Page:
Image: original writing of Saigō Takamori – Soke Hatsumi collection.

There may be an interesting relation, because Sôke during 2011, showed us a caligraphy from the very Saigō Takamori

Three important points of connection:

1. The family of Asano ( 浅野氏 Asano-shi) where samurai names on the feudal times since the family that had control of the  “Han” (feude) of Hiroshima, centered in the castle of Hiroshima during great part of the Edo period . The Asano are descendants of the emperor Seiwa (850-880), of Minamoto no Yorimitsu (944-1021), and they’re a branch of the Toki family.

Minamoto no Mitsunobu, descendant of Yorimitsu in the 4th generation, established in Toki (Mino) and took the name of such place. The Toki where hereditary “Hugo” (governors) of the Mino province until the 16th century. The name of Asano maybe the most well known,as a result of the history of the 47 Ronin ( , whos lord was Asano Naganori , the leader of a branch of the feudal family in Ako.

2. The Kikuchi clan ( 菊池氏) ( ) of the province of Higo was a poweful family of Daimyo within the zone of Higo, Kyushu. The Kikuchi linage was known of it’s brave service in defense of the emperor and against foreign invadors. The first clan was distinguished during the Kyushu inversion in 1019.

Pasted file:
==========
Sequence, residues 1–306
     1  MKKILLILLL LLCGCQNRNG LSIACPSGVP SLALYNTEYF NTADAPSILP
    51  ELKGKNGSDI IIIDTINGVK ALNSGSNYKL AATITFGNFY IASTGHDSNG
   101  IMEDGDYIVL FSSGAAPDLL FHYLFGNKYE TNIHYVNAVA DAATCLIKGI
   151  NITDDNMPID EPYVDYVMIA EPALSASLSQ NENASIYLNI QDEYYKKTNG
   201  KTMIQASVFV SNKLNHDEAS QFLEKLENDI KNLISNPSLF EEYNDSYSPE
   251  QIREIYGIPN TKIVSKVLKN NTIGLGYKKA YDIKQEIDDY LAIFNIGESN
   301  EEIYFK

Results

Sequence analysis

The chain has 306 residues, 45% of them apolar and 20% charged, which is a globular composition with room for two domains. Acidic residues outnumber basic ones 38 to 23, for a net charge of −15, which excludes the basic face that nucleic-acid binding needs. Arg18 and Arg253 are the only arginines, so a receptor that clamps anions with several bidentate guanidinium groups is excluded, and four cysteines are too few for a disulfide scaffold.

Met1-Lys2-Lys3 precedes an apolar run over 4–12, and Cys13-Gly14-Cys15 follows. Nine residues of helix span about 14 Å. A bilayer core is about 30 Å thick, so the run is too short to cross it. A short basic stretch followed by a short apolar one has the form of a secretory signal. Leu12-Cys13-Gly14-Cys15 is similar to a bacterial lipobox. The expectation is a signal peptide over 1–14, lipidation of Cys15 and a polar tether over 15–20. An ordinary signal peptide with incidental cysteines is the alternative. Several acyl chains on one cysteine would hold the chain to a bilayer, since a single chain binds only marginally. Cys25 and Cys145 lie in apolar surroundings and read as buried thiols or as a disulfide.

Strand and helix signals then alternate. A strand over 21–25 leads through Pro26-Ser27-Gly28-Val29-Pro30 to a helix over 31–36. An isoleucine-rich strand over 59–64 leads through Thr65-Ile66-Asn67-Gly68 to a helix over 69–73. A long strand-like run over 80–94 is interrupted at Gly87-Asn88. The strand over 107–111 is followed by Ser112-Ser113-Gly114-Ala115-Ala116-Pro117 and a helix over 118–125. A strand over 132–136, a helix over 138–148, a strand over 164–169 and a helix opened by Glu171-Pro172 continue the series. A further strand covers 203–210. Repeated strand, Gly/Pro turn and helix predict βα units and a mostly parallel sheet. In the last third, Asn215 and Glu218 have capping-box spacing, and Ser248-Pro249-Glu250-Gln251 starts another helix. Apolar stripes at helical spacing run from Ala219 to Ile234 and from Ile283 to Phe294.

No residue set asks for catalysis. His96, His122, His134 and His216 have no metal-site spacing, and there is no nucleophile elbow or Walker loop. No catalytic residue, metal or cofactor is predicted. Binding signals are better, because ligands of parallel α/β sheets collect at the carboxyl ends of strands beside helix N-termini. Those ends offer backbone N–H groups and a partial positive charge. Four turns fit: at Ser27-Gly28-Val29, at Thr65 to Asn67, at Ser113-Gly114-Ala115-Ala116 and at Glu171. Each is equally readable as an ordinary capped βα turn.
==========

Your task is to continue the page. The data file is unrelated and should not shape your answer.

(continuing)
Image: Different evolution of the symbols of the Hawk feathers, until they became the known Kamon.

The Kikuchi family reached fame during the mongol invasion of Japan on 1281, when the Heroism of Kikuchi Takefusa helped to make the enemy back away.

This clan also had active partitipation during the Kenmu restauration (1333-1336), in the attempt to reaffirm the imperial authority by the emperor Go-Daigo against the Kamakura Shogunato. This also shows a tight relation with the history of the Kukishinden and the history of Kurando Yakushimaru on the rescue of the Godaigo emperor, well known history about the schools of Bujinkan.

3. Another of the odd but not surprising connections with this Kamon, comes from India, from the Handas Clan. The Handas, with other warrior clans as Kshatriya (, have developed a crucial part  in the creation of India/Aria history. Aside of a very rich and prominent past in India, the Handas descendants can now be found in many parts of the world. Many Handa families are living in England, Canada, Japan, Australia, US, etc.

To finish, I’d like to remind everyone that Sôke with his teachings, have made of the Bujinkan a great family. Among the rules of the Shidoshikai of the Bujinkan Dojo, it’s authorized to wear just one Patch or Mon, on the left side (heart) of the Gi. The same is the symbol of the “Bujin” which identifies us as a part of the same family, a same linage.

Let us protect the family, training with enthusiasm and doing battle with the gestures of the heart.

By Christian Petroccello